Recipe: Veal Braciole, a Southern Italian Culinary Tradition

Sunday supper is served.

By: Francesca Montillo

I adore Sundays. Sundays are my favorite day of the week and have been ever since I was a child. I remember growing up in Italy, that Sundays always meant a few things: sleeping in, waking up to the smell of mom cooking up a storm, church, and a trip to the pasticceria (pastry shop) on the way back from Mass.  

While my mom cooked for us every single day, Sundays meant extra special meals. And one of those favored meals was, and still is, braciole! Delicious and guest-worthy, braciole are a southern Italian specialty served traditionally in homemade tomato sauce.

Every household has its own recipe for how they’re stuffed, from breadcrumbs and raisins to salami and cheese.

My favorite version is a Sunday favorite the way I grew up eating it in Italy, filled with the deliciousness of prosciutto, soppressata, cheese and hard-boiled eggs. Yes, hard-boiled eggs! These simmer in quick homemade sauce, cook quickly because the veal cutlet is super thin, and they’re very soft and tender!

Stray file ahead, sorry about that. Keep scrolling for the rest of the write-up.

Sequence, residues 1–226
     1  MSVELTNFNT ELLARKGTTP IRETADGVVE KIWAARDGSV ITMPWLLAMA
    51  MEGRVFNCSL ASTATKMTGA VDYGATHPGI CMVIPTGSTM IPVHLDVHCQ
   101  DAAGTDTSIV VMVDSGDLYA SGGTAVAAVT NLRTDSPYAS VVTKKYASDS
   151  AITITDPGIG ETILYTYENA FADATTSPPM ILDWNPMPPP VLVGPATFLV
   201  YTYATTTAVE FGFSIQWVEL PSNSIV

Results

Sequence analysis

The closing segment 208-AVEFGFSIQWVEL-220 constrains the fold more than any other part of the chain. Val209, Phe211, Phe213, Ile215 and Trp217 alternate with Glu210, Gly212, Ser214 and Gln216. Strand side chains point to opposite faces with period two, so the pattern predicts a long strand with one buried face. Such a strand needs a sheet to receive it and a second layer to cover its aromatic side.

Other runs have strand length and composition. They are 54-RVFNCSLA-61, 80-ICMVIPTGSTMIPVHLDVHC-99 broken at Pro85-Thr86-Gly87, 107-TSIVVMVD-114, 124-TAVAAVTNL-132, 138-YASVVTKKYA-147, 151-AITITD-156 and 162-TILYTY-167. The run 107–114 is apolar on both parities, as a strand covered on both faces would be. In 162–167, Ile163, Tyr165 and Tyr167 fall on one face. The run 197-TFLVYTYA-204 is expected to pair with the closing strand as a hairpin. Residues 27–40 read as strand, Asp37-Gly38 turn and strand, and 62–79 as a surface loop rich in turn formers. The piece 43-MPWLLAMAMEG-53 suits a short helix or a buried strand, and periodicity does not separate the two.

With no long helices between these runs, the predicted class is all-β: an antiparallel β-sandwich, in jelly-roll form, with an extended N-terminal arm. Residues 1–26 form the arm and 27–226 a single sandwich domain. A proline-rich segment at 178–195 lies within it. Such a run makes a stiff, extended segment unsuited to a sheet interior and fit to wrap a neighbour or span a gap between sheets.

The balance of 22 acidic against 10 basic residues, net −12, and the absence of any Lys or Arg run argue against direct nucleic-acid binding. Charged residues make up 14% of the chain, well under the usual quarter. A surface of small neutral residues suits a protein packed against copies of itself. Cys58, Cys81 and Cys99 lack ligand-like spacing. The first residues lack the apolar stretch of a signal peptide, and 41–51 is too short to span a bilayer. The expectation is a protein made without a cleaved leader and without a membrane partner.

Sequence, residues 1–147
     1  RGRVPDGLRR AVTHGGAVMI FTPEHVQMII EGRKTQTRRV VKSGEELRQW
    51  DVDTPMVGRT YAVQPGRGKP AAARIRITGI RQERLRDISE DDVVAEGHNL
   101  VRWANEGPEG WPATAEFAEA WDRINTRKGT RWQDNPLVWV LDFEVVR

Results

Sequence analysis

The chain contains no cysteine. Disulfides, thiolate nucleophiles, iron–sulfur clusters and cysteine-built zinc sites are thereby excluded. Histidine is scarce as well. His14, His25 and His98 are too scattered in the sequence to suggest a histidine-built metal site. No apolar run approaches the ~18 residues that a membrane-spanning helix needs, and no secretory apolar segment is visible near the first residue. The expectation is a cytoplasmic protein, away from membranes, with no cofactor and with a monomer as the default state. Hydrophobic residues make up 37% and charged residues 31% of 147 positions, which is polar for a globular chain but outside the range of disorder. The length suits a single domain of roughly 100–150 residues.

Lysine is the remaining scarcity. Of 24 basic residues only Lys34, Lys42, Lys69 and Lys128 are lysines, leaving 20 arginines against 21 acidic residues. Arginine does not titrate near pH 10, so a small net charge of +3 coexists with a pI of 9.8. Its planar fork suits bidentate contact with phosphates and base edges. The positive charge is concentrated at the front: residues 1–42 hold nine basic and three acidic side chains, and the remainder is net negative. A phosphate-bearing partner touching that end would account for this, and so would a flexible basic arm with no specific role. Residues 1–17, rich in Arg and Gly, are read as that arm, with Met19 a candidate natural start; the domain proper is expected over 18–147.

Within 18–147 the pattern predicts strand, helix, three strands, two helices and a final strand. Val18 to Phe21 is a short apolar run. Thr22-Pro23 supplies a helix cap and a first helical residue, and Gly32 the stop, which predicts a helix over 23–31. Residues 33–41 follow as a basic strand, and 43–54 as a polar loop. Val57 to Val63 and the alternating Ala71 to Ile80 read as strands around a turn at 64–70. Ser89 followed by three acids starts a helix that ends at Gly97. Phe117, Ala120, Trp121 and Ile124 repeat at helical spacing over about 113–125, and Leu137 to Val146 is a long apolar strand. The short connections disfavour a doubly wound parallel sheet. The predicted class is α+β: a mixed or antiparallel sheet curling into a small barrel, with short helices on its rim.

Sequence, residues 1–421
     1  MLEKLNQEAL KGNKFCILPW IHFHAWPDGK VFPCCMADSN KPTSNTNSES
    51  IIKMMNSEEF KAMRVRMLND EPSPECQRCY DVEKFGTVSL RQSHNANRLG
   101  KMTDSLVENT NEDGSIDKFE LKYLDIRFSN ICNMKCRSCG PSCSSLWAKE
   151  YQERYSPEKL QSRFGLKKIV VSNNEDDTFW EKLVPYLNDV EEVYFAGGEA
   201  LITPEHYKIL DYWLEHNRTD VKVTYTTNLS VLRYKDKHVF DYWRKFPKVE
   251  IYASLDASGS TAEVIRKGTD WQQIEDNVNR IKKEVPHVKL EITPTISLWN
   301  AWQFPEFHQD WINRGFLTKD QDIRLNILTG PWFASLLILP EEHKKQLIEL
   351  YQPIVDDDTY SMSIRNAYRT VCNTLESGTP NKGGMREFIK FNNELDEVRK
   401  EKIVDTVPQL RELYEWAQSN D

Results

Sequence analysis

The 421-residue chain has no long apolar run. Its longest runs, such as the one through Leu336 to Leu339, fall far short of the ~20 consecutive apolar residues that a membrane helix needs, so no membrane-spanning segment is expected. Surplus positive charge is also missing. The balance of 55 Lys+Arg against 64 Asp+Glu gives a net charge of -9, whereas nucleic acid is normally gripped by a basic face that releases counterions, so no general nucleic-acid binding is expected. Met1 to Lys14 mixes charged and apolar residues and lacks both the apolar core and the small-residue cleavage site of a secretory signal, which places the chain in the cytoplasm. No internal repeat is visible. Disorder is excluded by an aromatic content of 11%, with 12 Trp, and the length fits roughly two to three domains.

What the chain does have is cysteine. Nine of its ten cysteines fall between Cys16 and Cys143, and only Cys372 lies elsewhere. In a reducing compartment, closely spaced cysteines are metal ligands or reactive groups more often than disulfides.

These are great on Sundays, but honestly, they cook so quickly that they make a great weeknight meal as well. The key is to make sure you tie them up tightly, or risk having them open apart while simmering in the sauce.  

Use the sauce to dress some pasta and you have a two-course meal in one!  


6 – 8 thin slices of veal cutlets 


Freshly ground black pepper 

6 – 8 thin slices prosciutto  

6 – 8 thin slices deli-style salami or soppressata  

6 – 8 thin slices provolone cheese 

3 – 4 eggs, hard-boiled, thinly sliced into rounds   

Parsley sprigs, stems removed  

½ cup grated Parmesan cheese (or Pecorino Romano, or Grana Padano)  


  1. Prepare the braciole by placing the meat on some wax paper, sprinkling the meat slices with salt and pepper. 
  2. Place a slice of prosciutto, one of salami and one of cheese on top of a piece of meat. Add 1- 2 rounds of the hard-boiled egg. Add a few sprigs of parsley, and sprinkle some grated cheese on top. 
  3. Roll up the meat tightly, and using a long toothpick, secure the meat closed. Repeat with the remaining meat. (Alternatively, you can use some kitchen twine to roll up the meat.)  
  4. Add the braciole into the simmering sauce and cook for 25 – 30 minutes. Remove them from the sauce, remove the toothpick/twine, and cut the braciole into slices. Arrange on platter and serve alongside some pasta, or just with some sliced Italian bread. 


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